My first canned salsa!
My new garden inspired (or forced) me to take my first crack at canning this summer.  Here's what I did.  I found this amazingly helpful blog that I LOVE, called "Thy Hand Hath Provided."  So, all credit must go to "Jane," who's blog I followed pretty much word for word in this first attempt.  I toggled between two of her explaining how to can, and another with the salsa recipe and a delicious pasta sauce recipe.  I thought I'd combine the two here, with photos of my attempt, in case you'd like to try salsa as your first canning attempt too!  If you have more questions as to the process of canning, troubleshooting, etc, I'd refer you back to her awesome blog  because I am still a total beginner.  ;-)

I decided on salsa for my first time for this reason: if any of my jars didn't seal properly in the end, we could have a salsa eating party.  Win-win.  (In hindsight, something like pickles is a lot easier to start with to just get used to the canning process itself, as there is less actual cooking involved.)

I did not alter her recipe but I did alter how it was laid out.  I found it easier to keep the process moving (as recommended so the salsa doesn't over cook), by first preparing ALL the ingredients into 3 bowls that correspond to the 3 steps of the cooking of the salsa.   That way I'm not frantically chopping stuff to get it in the pot in time and can just focus on prepping my canning area, then chopping my food, then cooking it, then canning it.  It's kindof a lot to juggle otherwise.

First, gather your supplies and your groceries.

Supply List:
- Canner (or Large pot with a towel in the bottom)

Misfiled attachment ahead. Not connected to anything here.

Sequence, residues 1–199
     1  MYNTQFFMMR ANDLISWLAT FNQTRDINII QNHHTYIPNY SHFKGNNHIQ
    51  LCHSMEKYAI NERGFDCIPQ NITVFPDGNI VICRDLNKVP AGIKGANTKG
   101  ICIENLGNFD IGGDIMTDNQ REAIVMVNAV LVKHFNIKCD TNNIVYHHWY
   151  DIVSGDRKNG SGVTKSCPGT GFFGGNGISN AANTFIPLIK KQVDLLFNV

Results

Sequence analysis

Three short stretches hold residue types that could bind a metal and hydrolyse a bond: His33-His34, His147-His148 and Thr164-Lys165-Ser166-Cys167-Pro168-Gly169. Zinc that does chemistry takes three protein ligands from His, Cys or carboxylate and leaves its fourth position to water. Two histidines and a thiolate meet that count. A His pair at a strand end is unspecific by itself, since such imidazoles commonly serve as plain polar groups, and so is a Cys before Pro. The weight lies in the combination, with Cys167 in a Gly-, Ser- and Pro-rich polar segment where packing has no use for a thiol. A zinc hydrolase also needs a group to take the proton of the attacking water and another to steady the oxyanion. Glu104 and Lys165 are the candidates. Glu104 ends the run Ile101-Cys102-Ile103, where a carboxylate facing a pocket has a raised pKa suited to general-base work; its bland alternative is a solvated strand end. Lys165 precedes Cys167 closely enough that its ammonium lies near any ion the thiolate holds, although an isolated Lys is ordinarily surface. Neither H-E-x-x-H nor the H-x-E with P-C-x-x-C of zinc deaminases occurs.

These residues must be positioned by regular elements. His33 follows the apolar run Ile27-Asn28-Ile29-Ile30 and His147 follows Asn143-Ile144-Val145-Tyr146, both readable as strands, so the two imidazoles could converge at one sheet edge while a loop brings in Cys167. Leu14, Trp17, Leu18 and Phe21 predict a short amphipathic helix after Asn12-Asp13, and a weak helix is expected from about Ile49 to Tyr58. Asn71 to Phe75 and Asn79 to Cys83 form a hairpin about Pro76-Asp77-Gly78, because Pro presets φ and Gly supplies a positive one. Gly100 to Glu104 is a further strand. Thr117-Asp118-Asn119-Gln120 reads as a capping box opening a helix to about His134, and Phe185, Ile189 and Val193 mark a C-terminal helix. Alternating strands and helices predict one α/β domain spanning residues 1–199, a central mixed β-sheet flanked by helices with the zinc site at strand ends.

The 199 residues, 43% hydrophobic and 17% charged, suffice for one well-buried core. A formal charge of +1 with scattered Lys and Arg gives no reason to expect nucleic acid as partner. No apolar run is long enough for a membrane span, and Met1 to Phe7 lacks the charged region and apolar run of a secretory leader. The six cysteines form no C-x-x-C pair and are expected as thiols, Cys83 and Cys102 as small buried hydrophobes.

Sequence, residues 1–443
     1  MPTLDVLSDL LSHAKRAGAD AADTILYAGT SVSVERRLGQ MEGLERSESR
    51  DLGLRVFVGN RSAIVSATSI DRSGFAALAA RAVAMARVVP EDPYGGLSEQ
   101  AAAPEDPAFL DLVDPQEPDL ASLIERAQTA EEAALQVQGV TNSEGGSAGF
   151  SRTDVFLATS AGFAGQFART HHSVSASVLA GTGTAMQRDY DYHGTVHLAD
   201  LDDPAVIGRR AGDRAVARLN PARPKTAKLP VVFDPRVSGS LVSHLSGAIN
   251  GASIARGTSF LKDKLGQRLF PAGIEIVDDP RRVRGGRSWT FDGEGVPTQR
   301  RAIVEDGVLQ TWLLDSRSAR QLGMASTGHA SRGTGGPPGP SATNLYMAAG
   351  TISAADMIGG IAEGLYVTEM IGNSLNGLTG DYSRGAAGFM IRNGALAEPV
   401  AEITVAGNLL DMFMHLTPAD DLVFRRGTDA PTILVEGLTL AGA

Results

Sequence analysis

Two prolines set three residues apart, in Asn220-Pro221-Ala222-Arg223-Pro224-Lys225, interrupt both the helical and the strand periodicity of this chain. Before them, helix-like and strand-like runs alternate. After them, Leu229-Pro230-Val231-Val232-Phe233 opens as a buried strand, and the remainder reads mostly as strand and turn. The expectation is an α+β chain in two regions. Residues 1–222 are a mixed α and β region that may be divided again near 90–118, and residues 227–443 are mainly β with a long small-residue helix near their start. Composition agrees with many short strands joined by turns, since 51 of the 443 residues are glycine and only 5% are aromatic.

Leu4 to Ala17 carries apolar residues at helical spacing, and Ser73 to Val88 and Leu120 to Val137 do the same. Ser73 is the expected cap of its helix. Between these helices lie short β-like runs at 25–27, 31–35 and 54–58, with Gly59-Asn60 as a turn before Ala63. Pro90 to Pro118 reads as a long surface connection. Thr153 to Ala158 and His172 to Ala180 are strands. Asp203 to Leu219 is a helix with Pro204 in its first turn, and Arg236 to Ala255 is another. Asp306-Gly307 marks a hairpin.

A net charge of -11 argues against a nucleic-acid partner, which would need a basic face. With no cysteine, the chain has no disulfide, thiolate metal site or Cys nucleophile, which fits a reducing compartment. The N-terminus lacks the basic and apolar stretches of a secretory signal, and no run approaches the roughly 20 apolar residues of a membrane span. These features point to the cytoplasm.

- 6-8 Pint Canning jars, with bands and NEW lids (you can't re-use lids!)
- Ladel (to transport your hot salsa into the jars)
- Jar lifter (to lift your hot jars out of boiling water)
- Canning funnel (has a wide opening to fit your jars)
- Non-metal utensil (to remove bubbles...I use my plastic Tupperware orange peeler)
- A couple wood clothespins (great tip from this blog to make them easier to pick out of the water)

I got ALL of these things at garage sales, with the exception of the lids which I purchased new.  You need fresh lids every time to ensure a good seal. Here are just a few Amazon links so you can see what's out there...

There are "regular mouth" and "wide mouth" canning jars.  Wide mouth jars are handy for larger pieces of food, like pickles, whole tomatoes or potatoes, etc.  I used regular mouth for my salsa.  I found many mason jars at garage sales too and just bought new rings and bands.  But they have to be mason jars...just any old empty mayo jar will NOT do!!

Grocery List:
- olive oil
- 8 jalapeno peppers
- 5 green bell peppers
- 16 cloves of garlic
- 4 onions
- Tomatoes (8 cups' worth when chopped)
- Cilantro (1 cup fresh chopped)
- White Vinegar
- 6 oz can of tomato paste
- Spices: Cumin, Oregano, salt, sugar

Directions (for both Salsa making and Canning):

FREEBIE NOTE! I have taken the liberty of creating a handy single-page recipe and cheat sheet for your 2nd, 3rd, 4th batches of salsa, when you don't need to read every step in this blog post.  You can download it for free, here.